By Laura Robb
Throughout my career, I’ve observed that the more teachers talk, the less students learn. To help me explore alternatives to teacher talk from students’ perspectives, I recently surveyed students in grades four to eight with this question: What do you think teachers should do to engage students and make the learning more interesting? Below is a summary of their responses:
- Let us choose books for independent reading.
- Have us solve problems and do research with a partner or in a group.
- Let us discuss books in small groups.
- Use podcasts, book talks, journal writing, fan fiction, pamphlets, readers’ theater, and dramatic monologues for grades—not always tests.
Traditional Teaching Methods
Recitation, discussions in which teachers ask questions and students provide the correct answers, and lecturing are instructional practices that are prevalent in middle and high school. Occasionally, student-centered practices are mixed in, but in my opinion not often enough.
When I surveyed the same fourth to eighth graders about traditional practices, they described lectures as boring and claimed to “stop listening after fifteen minutes.” They gave low ratings to recitation and to completing worksheets. Their comments raise an important question: How can districts transition teachers from traditional methods to student-centered methods?
Even though research suggests that engagement and motivation increase when teachers use student-centered units that invite collaboration and active- learning, there is resistance to change. It may have something to do with the message administrators send to teachers: students’ achievement should be teachers’ primary goal. Too often, achievement means that students score high on standardized tests. In this era of accountability, I find that many teachers fear shifting instructional practices will lead to lower test scores.
Here are suggestions that can fuel positive change and prompt district leaders to rethink the message they’re sending:
- Get the principal and other administrators on board; their support is crucial for success.
- Ask teachers who have developed student-centered units to coach peers during planning times.
- Have teachers design and implement one student-centered unit, adding one to two new ones each school year.
- Schedule ongoing professional development at the building level that includes how to plan units in which students actively learn and collaborate.
- Provide technology support that shows teachers how using digital devices can enhance student-centered learning.
- Enlist the support of a coach or resource teacher to boost the confidence of a teacher embracing change.
- Familiarize teachers with the research on independent reading. Help them understand that when students choose and read thirty-to-forty books a year they can ramp-up their reading achievement.
One Teacher’s Changeover
The student-centered independent reading project described in this section and launched by Ms. James and me dramatically improved students’ engagement with books. By trusting in students’ inherent desire to learn when they designed their independent reading curriculum, we also increased their motivation to read.
Sixth-grade students swarmed the hall, talking as they retrieved books from lockers for their next class. I noticed Diego handing a book to Ben, pointing to it as he talked. (All names are pseudonyms.) Quickly, I jockeyed myself into a position where I could hear the conversation.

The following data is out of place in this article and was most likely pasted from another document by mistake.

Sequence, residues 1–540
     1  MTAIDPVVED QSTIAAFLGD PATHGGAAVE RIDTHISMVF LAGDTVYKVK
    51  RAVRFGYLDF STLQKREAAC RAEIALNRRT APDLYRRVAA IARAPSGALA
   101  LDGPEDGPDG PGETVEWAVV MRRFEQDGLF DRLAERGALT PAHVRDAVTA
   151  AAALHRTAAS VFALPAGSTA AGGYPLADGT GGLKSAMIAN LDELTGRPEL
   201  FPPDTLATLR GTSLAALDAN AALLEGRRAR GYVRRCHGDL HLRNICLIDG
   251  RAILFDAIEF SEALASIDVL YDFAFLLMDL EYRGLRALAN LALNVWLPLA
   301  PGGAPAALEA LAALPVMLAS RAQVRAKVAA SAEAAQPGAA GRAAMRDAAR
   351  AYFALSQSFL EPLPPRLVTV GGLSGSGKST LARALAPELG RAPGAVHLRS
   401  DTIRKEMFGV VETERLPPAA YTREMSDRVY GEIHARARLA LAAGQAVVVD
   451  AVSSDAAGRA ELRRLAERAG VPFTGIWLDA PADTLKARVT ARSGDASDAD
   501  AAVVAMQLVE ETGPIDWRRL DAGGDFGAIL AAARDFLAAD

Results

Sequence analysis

Ben: Did you finish the book about Merlin yet?
Diego: Yeah. It’s yours. We gotta talk about it–maybe after the first four chapters.
Ben: Sure! What are you reading next?
Diego: The last [book] in the Merlin series. Then, I’ll read the Percy Jackson series. Richie says they’re great.
Independent reading is not a typical between-classes topic for middle school students, but it was for students in Ms. James’s classes. Ms. James teaches two sections of sixth grade English, each with sixteen students, at Powhatan, an independent K-8 school in Boyce, Virginia. Sixth graders experienced a solid instructional curriculum, but students were not required to read independently. In my role as consultant, I invited Ms. James to help me organize a student-centered independent reading curriculum, and she agreed to adjust her teacher-centered style.
Specifically, we transferred the decision of how much independent reading to complete from teachers to students. After surveying students for their reading interests, we gave booklists to the school librarian so she could support students.
Two words describe the new curriculum: choice and trust. Four times a week for thirty minutes, students read or discussed books with a partner or in a small group. Students opted to create PowerPoint presentations about genres or authors and complete a journal entry on a book. Everyone chose one book and composed and presented a reader’s theater script or dramatic monologue. Ms. James and I were always available to listen, confer, and provide tech support.
Students created a classroom culture where they were reading and sharing beloved books in ways that were meaningful to them. Because they had choices and interacted with peers, and because we teachers valued their ideas and decisions, sixth graders were involved in their work! By the second month, everyone was reading at school and at home and recommending books to one another. From January to May, each student logged between twenty and fifty books into their notebooks.
With the kind of support Ms. James had, teachers can create a coherent vision of student-centered learning and gain the skills and experiences that enable them to transform a class of disengaged and unmotivated learners into engaged and motivated learners.